Just to be clear, you should do all of your photo editing and adjusting on your computer before you upload your image to Flickr. (Or, if you don't have editing capabilities on your computer, upload the picture to where, when you are done editing, you can automatically send it to your Flickr account. Too easy!) During the upload process, you can restrict access to what you publish by selecting from three different options. If you opt to restrict viewing access to "Friends" or "Family," for instance, only those people who you have "Invited" as members of those groups will be able to see them. This means that you can work with your students behind closed screens, so to speak, exchanging photos and having conversations that no one else can read or join. From a K-1 2 standpoint, it's one of the best features of Flickr. Or, of course, you can allow anyone to see and interact with an image by making it "Public."

And, as with any good social software these days, Flickr will ask you to tag your photos with keywords so that, much like with, you can begin to connect your photos with otber people's photos, and you can build an organizational foundation for your uploaded work. The more tags you give, the better the chance that your photos will find others ofthe same subject.

And finally, on the question of safety and appropriateness, Flickr does allow for the creation of private groups where you and your students (and other invited guests) can work in your own space. Also, while the social aspect of Flickr allows for comments and connections to be made around photos, you can tum off discussion on any or all of the photos that you submit.


So what can you do with Flickr in the classroom? David Jakes, an educa­

tional technology coordinator from Illinois who blogs often about using the Web to create digital stories, has a number of great suggestions ( Among them are to create presentations and slide

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Blogs, Wikis, Podcasts, and Other Powerful Web Tools for Classrooms

shows, cobble together virtual field trips, illustrate poetry, document school work, teach about social software, and teach geography by integrating with Google Earth. (More on that in a minute.)

One of the most useful tools in Flickr is the annotation feature, which allows you to add notes to parts of the image simply by dragging a box across an area and typing text into a form. Afterward, when you drag your mouse across the picture, the boxes and annotations pop up.

For example, Sophie, a third grader at Tim Lauer's Lewis Elementary School, used the Flickr annotation tool to help identify the different features of a model she had created of Jane Goodall's camp in Africa (tinyurl.coml2tn3kl) (see Figure 7.1 ). So, when you drag your mouse around the photo, notes pop up that identify what you are looking at, such as Goodall's typewriter, a map Goodall used to plan her expeditions, and the pots and pans Goodall used to cook. Or, if you want another great example, look at Alan Levine's incredibly great presentation "What Can We Do With Flickr?" which is run entirely through an annotated photo on, that's right, Flickr (tinyurl.coml2kly3j).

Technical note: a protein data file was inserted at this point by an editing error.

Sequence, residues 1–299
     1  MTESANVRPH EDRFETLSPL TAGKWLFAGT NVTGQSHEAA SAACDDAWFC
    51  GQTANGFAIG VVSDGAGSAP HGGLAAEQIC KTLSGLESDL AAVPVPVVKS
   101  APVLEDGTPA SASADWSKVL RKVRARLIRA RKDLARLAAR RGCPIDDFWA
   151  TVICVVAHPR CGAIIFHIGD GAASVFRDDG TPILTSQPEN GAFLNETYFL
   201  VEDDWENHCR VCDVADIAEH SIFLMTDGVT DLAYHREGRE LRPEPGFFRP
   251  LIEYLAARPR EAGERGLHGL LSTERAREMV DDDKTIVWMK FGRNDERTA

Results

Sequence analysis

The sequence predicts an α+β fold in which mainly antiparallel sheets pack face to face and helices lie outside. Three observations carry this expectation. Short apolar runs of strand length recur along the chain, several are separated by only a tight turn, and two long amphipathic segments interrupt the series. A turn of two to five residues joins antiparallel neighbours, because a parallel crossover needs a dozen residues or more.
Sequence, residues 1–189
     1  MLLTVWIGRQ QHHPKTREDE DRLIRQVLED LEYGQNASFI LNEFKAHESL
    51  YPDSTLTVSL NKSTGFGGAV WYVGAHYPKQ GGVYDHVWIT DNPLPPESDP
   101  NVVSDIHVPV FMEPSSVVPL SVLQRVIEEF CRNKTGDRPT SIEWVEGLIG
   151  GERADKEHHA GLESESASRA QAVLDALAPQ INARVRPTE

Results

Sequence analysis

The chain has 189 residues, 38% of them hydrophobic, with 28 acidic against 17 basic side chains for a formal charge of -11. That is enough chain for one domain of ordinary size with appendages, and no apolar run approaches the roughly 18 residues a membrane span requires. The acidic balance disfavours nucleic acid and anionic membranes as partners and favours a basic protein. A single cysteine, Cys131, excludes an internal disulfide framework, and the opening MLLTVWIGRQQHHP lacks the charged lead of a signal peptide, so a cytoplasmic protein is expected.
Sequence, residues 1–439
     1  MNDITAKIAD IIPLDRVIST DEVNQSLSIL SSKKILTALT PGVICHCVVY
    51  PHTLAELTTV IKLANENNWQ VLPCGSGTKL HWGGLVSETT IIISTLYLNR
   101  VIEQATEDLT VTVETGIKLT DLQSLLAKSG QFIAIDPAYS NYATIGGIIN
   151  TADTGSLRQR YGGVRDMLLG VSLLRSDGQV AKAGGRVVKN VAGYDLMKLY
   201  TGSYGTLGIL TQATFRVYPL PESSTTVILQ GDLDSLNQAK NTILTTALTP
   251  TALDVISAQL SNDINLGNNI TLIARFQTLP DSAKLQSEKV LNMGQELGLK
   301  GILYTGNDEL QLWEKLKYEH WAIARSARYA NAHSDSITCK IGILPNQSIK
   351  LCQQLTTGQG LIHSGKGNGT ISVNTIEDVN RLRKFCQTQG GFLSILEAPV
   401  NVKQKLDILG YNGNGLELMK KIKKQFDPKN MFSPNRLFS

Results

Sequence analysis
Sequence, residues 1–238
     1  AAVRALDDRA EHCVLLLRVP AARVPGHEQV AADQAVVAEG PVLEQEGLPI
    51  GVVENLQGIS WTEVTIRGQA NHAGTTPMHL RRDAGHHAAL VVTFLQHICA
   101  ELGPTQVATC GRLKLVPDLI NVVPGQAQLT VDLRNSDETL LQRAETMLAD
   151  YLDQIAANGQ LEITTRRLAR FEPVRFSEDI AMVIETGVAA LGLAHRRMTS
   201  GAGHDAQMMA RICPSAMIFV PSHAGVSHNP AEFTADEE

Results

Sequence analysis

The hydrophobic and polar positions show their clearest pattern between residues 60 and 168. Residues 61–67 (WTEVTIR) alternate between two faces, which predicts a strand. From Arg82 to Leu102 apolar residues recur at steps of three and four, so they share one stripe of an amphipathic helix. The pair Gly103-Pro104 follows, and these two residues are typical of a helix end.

Figure 7.1 Flickr allows you to annotate certain parts of a picture and also provides a way for people to discuss the picture in detail.

Fun With Flickr 1 05

In and of itself, the annotation tool offers a great deal of possibilities.

Imagine being able to annotate portions of a Civil War battlefield or a fetal pig dissection for students to access and review. Or, as a test of their knowl­

edge, ask them to annotate what they see. Remember, you and your students can use any digital image at your disposal, whether you have taken it or found it on the Web, as long as you attribute the source. (The copyright issues of using an image already found on the Web fall under the Fair Use Doctrine in this instance.) So, if you find a photo at the New York Public Library's extensive photo archive that you'd like to work with, you can move it to a pri­

vate space in Flickr, add a link to the original, and make it a part of your cur­

riculum. In addition, at this writing there are over 25 million photos posted at Flickr that carry Creative Commons copyright licenses, which allow for their legal reuse in any number of ways (tinyurl.coml26ynlo). Using Creative Commons licenses, the photographers who publish their own photos to Flickr can indicate what types of uses they will allow for those images. In most instances, these content providers simply ask for attribution and that images not be used for commercial purposes.

Another great aspect of Flickr is the ability to start online discussions about the images you post by adding comments under any particular photo.

And remember, these conversations can be held in private depending on what level of security you have assigned your photos. Wbat this means is that you can ask your students to interpret or comment further on what they see, all in the spirit of teaching them how to come to a collaboratively created under­

standing of a particular image's use or meaning. And, even better, you can subscribe to these discussions via the RSS feed that Flickr creates for your

"Recent Comments." This way, you can track what your students are writing without having to visit the photo page.

But the real power of Flickr lies in the ways it can connect people from around the world. Each photo that gets uploaded to Flickr can have "tags" or keywords associated with it by the publisher, and those tags are then search­

able. In this way, "public" images of similar themes or topics find each other, and in many cases, so do the people behind them. Some of the most popular tags, as you might guess, are "wedding," "vacation," "family," and "friends."

But there's probably a photo for just about every tag you can think of. Oh, and since we're talking about RSS, don't forget that you can also "subscribe"